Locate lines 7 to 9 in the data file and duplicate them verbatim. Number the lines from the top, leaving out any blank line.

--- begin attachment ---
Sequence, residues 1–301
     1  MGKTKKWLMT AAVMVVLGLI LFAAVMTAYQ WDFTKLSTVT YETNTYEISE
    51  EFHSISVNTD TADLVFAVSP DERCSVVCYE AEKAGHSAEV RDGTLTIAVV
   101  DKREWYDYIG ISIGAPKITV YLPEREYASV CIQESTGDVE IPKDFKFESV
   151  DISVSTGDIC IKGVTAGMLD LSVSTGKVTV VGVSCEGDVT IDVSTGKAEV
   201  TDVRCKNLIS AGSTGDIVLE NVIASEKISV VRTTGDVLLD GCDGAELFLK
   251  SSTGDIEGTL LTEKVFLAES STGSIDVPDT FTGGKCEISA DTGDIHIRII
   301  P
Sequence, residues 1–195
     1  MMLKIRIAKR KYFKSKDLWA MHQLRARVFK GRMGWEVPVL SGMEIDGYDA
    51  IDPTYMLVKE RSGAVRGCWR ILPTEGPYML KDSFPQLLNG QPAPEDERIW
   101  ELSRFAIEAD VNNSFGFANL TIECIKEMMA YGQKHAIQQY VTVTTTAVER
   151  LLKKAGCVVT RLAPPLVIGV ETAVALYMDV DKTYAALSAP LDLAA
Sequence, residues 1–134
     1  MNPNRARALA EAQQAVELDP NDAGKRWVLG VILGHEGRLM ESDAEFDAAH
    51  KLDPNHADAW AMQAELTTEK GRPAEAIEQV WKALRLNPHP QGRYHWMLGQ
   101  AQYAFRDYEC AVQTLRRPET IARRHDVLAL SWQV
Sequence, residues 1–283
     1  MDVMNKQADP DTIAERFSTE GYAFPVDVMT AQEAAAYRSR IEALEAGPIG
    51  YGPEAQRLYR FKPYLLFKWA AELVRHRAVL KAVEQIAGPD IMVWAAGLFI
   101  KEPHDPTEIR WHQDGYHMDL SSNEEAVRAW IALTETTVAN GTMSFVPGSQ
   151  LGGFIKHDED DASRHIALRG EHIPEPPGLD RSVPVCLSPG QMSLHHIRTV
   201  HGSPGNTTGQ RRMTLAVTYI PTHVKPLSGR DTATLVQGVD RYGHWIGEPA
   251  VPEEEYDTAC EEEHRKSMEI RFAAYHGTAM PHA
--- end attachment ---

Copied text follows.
   251  SSTGDIEGTL LTEKVFLAES STGSIDVPDT FTGGKCEISA DTGDIHIRII
   301  P
Sequence, residues 1–195